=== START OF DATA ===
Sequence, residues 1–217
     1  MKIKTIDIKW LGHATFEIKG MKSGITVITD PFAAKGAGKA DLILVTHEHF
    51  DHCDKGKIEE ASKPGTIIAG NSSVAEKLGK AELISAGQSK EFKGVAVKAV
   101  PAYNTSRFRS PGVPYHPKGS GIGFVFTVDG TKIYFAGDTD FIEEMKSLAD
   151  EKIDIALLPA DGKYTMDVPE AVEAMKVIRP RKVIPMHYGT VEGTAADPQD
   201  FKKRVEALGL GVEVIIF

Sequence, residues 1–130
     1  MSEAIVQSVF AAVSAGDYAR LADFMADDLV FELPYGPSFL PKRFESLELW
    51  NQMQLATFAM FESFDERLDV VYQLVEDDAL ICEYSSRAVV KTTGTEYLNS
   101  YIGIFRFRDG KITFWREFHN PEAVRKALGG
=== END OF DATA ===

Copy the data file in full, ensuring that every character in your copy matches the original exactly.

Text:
Sequence, residues 1–217
     1  MKIKTIDIKW LGHATFEIKG MKSGITVITD PFAAKGAGKA DLILVTHEHF
    51  DHCDKGKIEE ASKPGTIIAG NSSVAEKLGK AELISAGQSK EFKGVAVKAV
   101  PAYNTSRFRS PGVPYHPKGS GIGFVFTVDG TKIYFAGDTD FIEEMKSLAD
   151  EKIDIALLPA DGKYTMDVPE AVEAMKVIRP RKVIPMHYGT VEGTAADPQD
   201  FKKRVEALGL GVEVIIF

Sequence, residues 1–130
     1  MSEAIVQSVF AAVSAGDYAR LADFMADDLV FELPYGPSFL PKRFESLELW
    51  NQMQLATFAM FESFDERLDV VYQLVEDDAL ICEYSSRAVV KTTGTEYLNS
   101  YIGIFRFRDG KITFWREFHN PEAVRKALGG